How to Choose the Right Walking Shoes

Bookmark and Share Exercise walking is fun and provides numerous health benefits, but like all exercise, it requires the right equipment. Wear the wrong shoes, and you will end up with sore feet and maybe even an injury. Take your time and invest in the right shoes for your feet and needs.

Advantages of the Right Walking Shoes

Before you buy walking shoes, examine them and try them on. Look for stability, flexibility and comfort as you prepare for safe workouts. The right shoes give you balance and correct your foot's natural inward roll (pronation) or outward roll (supination). They also help you maintain proper posture and protect your spine, back and muscles.

Four Main Components of a Good Walking Shoe

There are four main components of quality walking shoes. Examine each part before you make any purchases.

  • Heel counter - The area of the shoe under your Achilles tendon should be snug and cup the back of your heel to prevent pronation or supination.

  • Midsole - The area between the shoe's tread and its upper should provide cushioning, support and flexibility. This component is the most important one.

  • Insole - The area of the shoe where your foot's sole comes in contact with the shoe should be contoured to match your foot. It reduces shear forces and provides shock absorption.

  • Toe box - The area surrounding your toes should be roomy enough for them to move freely and wiggle and bend without restriction but not too roomy or your foot will shift and feel uncomfortable. Ideally, select shoes with a toe box of at least one-half to one full thumb's width between your longest toe and the end of the shoe.
How to Try On Walking Shoes

After you find a pair of shoes you like, try them on. Make sure they fit right and feel comfortable.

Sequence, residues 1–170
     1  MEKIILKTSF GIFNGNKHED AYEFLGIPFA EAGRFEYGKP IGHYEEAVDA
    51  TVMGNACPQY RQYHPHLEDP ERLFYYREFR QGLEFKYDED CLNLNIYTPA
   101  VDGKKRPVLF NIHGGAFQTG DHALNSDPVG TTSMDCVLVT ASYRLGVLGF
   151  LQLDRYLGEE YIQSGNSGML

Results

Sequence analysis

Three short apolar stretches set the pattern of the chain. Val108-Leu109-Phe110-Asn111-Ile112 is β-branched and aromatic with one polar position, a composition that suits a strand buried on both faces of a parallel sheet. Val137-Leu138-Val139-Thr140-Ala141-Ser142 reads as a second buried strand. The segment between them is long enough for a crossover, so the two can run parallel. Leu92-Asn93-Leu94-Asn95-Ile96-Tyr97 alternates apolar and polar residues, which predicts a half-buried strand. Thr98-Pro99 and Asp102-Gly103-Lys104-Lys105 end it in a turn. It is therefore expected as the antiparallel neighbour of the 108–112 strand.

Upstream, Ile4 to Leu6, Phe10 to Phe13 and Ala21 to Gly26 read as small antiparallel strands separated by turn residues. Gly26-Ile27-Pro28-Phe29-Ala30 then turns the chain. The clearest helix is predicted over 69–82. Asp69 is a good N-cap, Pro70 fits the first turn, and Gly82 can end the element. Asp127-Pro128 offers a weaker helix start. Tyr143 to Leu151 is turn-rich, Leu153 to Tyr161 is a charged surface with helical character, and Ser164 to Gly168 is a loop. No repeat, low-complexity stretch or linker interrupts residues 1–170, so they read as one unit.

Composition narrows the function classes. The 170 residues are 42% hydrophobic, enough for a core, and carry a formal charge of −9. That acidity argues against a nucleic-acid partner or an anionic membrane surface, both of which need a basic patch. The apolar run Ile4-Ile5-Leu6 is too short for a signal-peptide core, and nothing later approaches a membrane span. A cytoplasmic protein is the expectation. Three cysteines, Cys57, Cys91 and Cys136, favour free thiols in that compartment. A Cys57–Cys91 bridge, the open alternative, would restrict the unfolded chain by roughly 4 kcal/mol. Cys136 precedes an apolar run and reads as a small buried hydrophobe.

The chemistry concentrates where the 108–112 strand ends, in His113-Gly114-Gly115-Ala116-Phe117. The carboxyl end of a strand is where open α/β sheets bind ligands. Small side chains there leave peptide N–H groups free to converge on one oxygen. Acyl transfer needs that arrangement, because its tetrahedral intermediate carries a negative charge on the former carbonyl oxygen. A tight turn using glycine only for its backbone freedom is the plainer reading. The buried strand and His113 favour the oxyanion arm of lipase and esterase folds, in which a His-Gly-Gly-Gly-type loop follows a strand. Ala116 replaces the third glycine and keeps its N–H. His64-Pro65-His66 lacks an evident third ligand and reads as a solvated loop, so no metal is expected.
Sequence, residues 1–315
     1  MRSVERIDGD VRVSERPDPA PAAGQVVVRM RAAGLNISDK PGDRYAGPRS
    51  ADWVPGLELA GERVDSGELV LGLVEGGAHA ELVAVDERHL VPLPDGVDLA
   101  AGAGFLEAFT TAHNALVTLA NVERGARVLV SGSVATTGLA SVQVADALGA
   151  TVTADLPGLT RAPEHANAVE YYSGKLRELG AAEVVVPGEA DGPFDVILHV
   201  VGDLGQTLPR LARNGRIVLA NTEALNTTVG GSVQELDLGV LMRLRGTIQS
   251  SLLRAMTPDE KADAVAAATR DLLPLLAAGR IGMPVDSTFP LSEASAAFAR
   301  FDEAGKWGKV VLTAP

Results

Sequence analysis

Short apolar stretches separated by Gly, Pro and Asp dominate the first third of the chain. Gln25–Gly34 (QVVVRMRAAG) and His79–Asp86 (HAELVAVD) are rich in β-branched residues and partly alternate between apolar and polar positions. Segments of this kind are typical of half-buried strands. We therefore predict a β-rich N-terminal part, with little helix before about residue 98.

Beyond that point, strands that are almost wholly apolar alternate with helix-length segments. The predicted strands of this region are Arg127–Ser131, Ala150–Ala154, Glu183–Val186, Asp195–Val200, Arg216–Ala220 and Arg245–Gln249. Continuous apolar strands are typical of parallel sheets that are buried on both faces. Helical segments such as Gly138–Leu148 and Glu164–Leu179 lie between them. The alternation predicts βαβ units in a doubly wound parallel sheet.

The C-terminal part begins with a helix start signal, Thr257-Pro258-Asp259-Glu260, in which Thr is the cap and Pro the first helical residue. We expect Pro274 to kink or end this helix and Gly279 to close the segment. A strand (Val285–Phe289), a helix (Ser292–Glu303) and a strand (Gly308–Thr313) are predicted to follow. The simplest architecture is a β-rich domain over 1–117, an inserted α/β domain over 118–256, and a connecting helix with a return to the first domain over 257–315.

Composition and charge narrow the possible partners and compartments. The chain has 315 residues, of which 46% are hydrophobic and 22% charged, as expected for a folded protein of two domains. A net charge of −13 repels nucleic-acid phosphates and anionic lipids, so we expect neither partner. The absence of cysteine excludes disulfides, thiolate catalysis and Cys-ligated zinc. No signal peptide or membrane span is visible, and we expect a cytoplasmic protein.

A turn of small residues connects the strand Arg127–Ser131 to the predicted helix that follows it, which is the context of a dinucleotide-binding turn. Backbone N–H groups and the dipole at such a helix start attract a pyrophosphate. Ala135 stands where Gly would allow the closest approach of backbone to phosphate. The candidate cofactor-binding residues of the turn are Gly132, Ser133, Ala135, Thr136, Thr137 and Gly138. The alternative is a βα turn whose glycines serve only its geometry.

First, ask the salesperson to measure the dimensions of both feet. To get an accurate reading, stand up because your feet expand when they bear weight. Visit the store at the end of the day, too, as your feet swell during the day.

Remember to wear regular socks and try on both shoes. Lace them completely and stand up and walk around to make sure they fit your foot properly and feel comfortable.

Never buy walking shoes that are too tight. Almost all shoes require a breaking in period, but shoes that are too tight won't get bigger. However, if you need arch supports or orthotics, feel free to wear those supplements as you obtain the best f
 

What Could Muscle Pain Mean?

Bookmark and Share Your body contains over 600 muscles. When one or more of them hurts, it's hard to concentrate at work, focus at home or function in everyday life. Instead of tolerating muscle pain or myalgia, learn more about what it means so you can fix it and feel better.

What Causes Muscle Pain?

You may experience myalgia at any time. It can occur when you overuse certain muscles while   working, exercising or playing. Medications, including ACE inhibitors that lower blood pressure and statins that lower cholesterol, can also trigger muscle pain. Rest, pain relievers, hot and cold compresses and certain exercises can reduce or alleviate the discomfort.

However, sometimes your muscle pain is not associated with an activity. It may indicate an underlying condition such as the flu, hormonal imbalance or vitamin D or B12 deficiency. Hepatitis, bacterial infection, Lyme disease, roundworm infection and autoimmune conditions such as lupus or multiple sclerosis can also be causes of myalgia.

What Does Muscle Pain Feel Like?

No matter what causes it, myalgia can exhibit itself in several ways.

  • Pain in one or multiple areas

  • Dull, sharp, intermittent or consistent pain

  • Ongoing pain even when you're at rest

  • Twitching or painful cramps

  • Numbness, tingling or burning sensations

  • Joint pain

What are the Complications of Muscle Pain?

While muscle pain can be treated, there are complications that could signal a more serious problem. You may need to do more than rest or use a heating pad if you experience these signs.

  • High fever

  • Shortness of breath

  • Difficulty swallowing

  • Water retention

  • Inability to move a part of your body

  • Muscle stiffness  

  • Muscle atrophy
When Should You Seek Medical Help?

You can treat your muscle pain at home with rest, pain medication, topical treatments and certain exercises. See your doctor, though, if these conditions exist.

  • Persistent pain lasts more than 3 days

  • Severe pain

  • Signs of infection

  • Any swelling, redness or rash around the muscle

  • Changes you make to your hypertension or cholesterol medication dosage
How Can You Prevent Muscle Pain?

To avoid muscle pain, you can take several steps. Perform proper warm up and cool down exercises when you work out, stretch before engaging in any rigorous activity, don't sit or stand in one position for too long and stay physically active.